By Jonny Long
Gorka Izagirre has asked Spanish authorities to clarify whether professionals can train outside after their government banned riding outdoors for two weeks this weekend.
The two-week state of emergency has ordered everyone to stay indoors and those caught riding outside can be stopped by police, fined and even arrested.
Canadian Katie Hudson, who lives in Barcelona, was sent a photo by a friend showing two cyclists being stopped by police, adding fines can range from €500-€3000 for unnecessarily being outside.
This government decree extends to professional athletes, despite authorities saying people are allowed outside to complete their work, which training rides technically are.
Astana rider Gorka Izagirre has asked for clarification on the issue so that he can continue training for whenever racing does resume.
"We are in contact with the ACP (Association of Professional Cyclists) and from there we are told whether we can go outside because it is our profession. But we don't have any official document that guarantees us anything," Izagirre said, as reported in AS.
"Some of our team has left yesterday to train in Benidorm and the Civil Guard has sent them home. They have told them they need an official letter from the team and so we have gone to the ACP to see if they can give us any support so we can go out.
"I was going to train for an hour and a half on Sunday as the weather was great but seeing how the situation is I didn't out. We can't spoil our form at this time of year. But I think that in the first days we will not have it easy until all this about permits and the legal issue is clarified," Izagirre said.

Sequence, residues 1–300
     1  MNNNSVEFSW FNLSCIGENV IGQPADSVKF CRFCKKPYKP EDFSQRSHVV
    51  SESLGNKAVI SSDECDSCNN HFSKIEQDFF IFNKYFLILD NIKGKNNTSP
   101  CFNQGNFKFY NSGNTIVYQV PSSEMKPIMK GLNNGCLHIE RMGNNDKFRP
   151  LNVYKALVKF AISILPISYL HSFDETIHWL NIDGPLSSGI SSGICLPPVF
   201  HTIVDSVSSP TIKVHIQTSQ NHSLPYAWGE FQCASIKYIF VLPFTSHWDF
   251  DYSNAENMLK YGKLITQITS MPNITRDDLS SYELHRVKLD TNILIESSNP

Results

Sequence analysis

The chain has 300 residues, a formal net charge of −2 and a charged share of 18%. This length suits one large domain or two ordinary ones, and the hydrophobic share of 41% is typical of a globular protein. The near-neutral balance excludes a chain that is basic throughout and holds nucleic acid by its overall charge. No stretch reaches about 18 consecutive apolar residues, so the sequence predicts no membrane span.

Former Spanish pro Pedro Delgado agrees with Izagirre, saying there should not be an issue if riders are training alone, adding "it would be a real disaster for your performance compared to other countries."
In Italy, the Inner Ring has said pros are allowed to train as normal but have to carry their licence and paperwork in their back pocket.
Professional riders aside, cycling has experienced a massive uptake in New York as commuters avoid the subway, instead opting to utilise the Citi Bike bike-share scheme.
The New York Times reports trips over the past week have exceeded half a million, nearly double the number during the same period in 2019.
Bike crossings over the four East River bridges that connect Brooklyn and Queens with Manhattan have also doubled.
Hi. I'm Cycling Weekly's Weekend Editor. I like writing offbeat features and eating too much bread when working out on the road at bike races. I'm 6'0", 26 years old, have a strong hairline and have an adequate amount of savings for someone my age. I'm very single at the minute so if you know anyone, hit me up.
Before joining Cycling Weekly I worked at The Tab, reporting about students evacuating their bowels on nightclub dancefloors and consecrating their love on lecture hall floors. I've also written for Vice, Time Out, and worked freelance for The Telegraph (I know, but I needed the money at the time so let me live).
I also worked for ITV Cycling between 2011-2018 on their Tour de France and Vuelta a España coverage. Sometimes I'd be helping the producers make the programme and other times I'd be getting the lunches. Just in case you were wondering - Phil Liggett and Paul Sherwen had the same ham sandwich every day, it was great.
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